Buyer be­ware: fine print is re­quired read­ing

Record Observer - - News - By HAN­NAH COMBS hcombs@ches­pub.com

CENTREVILLE — A case brought be­fore the Dis­trict Court of Mary­land, Queen Anne’s County, lends the re­minder to “read the fine print.” Judge Frank M. Kra­tovil Jr. heard on Jan. 10 tes­ti­mony for a breach of con­tract in small claims court.

In this case, the plain­tiff, Judge Peter Wolf of Queen­stown, be­lieved he had been mis­lead and re­ceived mis­rep­re­sen­ta­tion from heat­ing and air in­stall­ers, Ocean Air Heat­ing and Cool­ing of Stevensville and the Car­rier Cor­po­ra­tion of Bal­ti­more.

Wolf de­scribed he had a Car­rier brand HVAC unit in­stalled by Ocean Air in 2010, in May 2016 the unit be­gan hav­ing prob­lems and he con­tacted the ser vice de­part­ment at Ocean Air. He stated that coolant was added, but within about a month the unit be­gan again hav­ing prob­lems. When the tech­ni­cian re­turned, Wolf said he was told the outer coil was bro­ken and given an es­ti­mate to re­pair the unit.

Wolf gave tes­ti­mony that the tech­ni­cian from Ocean Air said the bro­ken coil was likely a fac­tory de­fect and would need to be re­placed. The es­ti­mate Wolf re­ceived was for $3,281, and Wolf re­port­edly paid $5,160 for the orig­i­nal unit.

Through the course of Wolf’s dis­cus­sion with Ocean Air he was told that the 5-year war­ranty had elapsed, and he was not cov­ered by the 10-year war­ranty be­cause he had failed to regis­ter his prod­uct at the time of pur­chase. Wolf’s com­plaint was “reg­is­ter­ing the equip­ment should have no ba­sis to de­ter­mine the dura­bil­ity of the equip­ment.” Wolf also pointed out that this type of war­ranty — prod­ucts re­quir­ing reg­is­tra­tion — is leg­isla­tively banned in other states. He fur­ther al­leged, no ver­bal dis­clo­sure re­gard­ing the war­ranty, main­te­nance and ser­vice, or prod­uct reg­is­tra­tion was given to ei­ther him or his wife at the time of pur­chase and in­stal­la­tion. Merely, he said, they were handed over a packet of papers, some 20 or 30 pages.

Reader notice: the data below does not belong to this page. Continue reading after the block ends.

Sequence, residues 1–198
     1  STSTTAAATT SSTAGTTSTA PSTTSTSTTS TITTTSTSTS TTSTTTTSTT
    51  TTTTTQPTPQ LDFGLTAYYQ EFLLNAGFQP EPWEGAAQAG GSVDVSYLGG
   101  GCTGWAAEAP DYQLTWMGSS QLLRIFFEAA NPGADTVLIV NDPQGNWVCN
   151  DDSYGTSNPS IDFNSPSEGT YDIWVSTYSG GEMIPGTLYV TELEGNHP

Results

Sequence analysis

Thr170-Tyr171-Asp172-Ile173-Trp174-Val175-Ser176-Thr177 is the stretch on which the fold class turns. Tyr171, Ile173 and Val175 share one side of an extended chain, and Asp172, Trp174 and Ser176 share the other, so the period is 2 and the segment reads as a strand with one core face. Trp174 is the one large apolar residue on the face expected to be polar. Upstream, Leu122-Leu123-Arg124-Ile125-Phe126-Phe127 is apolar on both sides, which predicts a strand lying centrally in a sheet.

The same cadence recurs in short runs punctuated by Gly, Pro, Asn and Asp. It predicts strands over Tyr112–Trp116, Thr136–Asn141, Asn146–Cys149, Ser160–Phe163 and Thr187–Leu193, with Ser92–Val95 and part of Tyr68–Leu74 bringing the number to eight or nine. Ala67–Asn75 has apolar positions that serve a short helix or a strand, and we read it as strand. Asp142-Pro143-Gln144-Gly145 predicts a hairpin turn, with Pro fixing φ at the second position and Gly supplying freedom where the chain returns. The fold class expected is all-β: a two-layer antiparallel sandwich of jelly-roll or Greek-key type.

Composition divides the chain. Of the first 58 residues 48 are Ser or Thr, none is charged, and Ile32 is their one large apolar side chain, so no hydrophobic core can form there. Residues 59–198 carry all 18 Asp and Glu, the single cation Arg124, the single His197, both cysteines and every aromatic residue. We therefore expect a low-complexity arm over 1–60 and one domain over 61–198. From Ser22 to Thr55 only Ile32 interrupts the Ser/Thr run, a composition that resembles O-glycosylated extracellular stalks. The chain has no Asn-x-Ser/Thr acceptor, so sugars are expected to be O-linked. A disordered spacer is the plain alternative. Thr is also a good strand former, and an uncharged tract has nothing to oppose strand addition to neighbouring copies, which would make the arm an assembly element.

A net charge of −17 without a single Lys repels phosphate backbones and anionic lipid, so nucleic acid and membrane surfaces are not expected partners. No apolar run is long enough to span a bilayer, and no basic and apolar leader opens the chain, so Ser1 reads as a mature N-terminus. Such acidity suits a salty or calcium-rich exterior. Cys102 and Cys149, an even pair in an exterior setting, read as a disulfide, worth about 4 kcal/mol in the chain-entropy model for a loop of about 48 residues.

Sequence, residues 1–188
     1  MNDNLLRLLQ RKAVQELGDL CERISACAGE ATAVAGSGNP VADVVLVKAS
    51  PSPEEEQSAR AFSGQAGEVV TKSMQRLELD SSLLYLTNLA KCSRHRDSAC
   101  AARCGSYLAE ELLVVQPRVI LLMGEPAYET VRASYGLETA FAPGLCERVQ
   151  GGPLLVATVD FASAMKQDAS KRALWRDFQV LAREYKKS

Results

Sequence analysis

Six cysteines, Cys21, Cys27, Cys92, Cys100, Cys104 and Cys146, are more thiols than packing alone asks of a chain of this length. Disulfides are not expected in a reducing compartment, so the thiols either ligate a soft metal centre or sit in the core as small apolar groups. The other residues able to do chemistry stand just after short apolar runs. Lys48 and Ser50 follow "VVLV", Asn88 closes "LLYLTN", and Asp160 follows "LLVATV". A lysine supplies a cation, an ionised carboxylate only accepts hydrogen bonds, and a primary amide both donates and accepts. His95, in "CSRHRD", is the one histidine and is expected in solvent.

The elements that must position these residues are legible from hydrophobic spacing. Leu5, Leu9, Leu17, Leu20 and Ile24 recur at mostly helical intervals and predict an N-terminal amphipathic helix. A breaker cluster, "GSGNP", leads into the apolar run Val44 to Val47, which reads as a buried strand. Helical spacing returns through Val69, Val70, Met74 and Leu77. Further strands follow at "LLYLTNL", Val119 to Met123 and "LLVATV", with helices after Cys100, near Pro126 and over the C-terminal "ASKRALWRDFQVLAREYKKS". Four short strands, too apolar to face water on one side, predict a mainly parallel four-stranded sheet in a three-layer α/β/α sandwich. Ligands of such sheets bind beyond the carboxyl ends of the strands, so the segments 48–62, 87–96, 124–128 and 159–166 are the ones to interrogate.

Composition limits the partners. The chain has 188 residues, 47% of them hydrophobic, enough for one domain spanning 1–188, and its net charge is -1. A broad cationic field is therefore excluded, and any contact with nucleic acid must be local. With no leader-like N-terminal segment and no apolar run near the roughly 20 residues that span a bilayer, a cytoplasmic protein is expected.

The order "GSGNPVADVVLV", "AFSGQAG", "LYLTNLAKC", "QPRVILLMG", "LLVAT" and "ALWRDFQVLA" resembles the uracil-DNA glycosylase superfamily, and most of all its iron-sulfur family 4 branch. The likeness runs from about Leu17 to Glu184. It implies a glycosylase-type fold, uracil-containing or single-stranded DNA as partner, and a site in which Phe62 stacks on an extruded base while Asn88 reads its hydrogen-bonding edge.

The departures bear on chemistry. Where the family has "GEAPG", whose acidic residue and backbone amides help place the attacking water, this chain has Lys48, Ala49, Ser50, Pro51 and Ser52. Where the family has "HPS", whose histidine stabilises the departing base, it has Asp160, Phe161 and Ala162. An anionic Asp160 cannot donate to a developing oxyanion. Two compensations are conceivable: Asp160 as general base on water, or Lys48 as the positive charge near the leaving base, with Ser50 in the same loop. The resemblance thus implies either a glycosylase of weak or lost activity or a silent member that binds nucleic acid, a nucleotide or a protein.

Wolf also told the court that an­other Ocean Air em­ployee had told his wife they “had got­ten a lemon,” mean­ing a prod­uct that was just gen­er­ally de­fec­tive.

The at­tor­neys for Car­rier and Ocean Air, Cyn­thia Weisz of Bon­ner, Kier­nan, Tre­bach and Cro­ci­ata and Sean Poltrack of Braden, Thomp­son, Poltrach and Mundy, re­sponded to the court that even though the terms of the war­ranty had not been ex­pressed ver­bally, they were no less ex­pressly im­plied in writ­ing, cit­ing the lit­er­a­ture given to and re­tained by the plain­tiff.

“Coastal lo­ca­tions re­quire ad­di­tional main­te­nance ... take ad­di­tional care to con­sult the proper clean­ing sched­ule ... the outer coil should be washed ev­ery three months,” read the de­fense from the prod­uct man­ual.

The de­fense also ex­hib­ited the color sales sheet that was used to sell the Wolf fam­ily their heat pump. The de­fense noted the ex­tended war­ranty in­for­ma­tion was in­deed listed in the small print, di­rect­ing pur­chasers to Car­rier.com for prod­uct reg­is­tra­tion.

How­ever, as tes­ti­fied by Tom Wind­miller, Car­rier tech­ni­cal ser­vice man­ager for the MidAt­lantic Re­gion, an ex­tended war­ranty would not have cov­ered the outer coil re­gard­less, be­cause there was no record of quar­terly main­te­nance to the coil. Car­rier iden­ti­fies the area of Queen­stown were Wolf re­sides as a coastal lo­ca­tion and there­fore sub­ject to main­te­nance ev­ery three months, said Wind­miller.

Af­ter hear­ing lengthy tes­ti­mony, Kra­tovil said al­though the court is sym­pa­thetic to the plain­tiff, judge­ment af­ter trial was de­cided in fa­vor of both de­fen­dants, Car­rier and Ocean Air.

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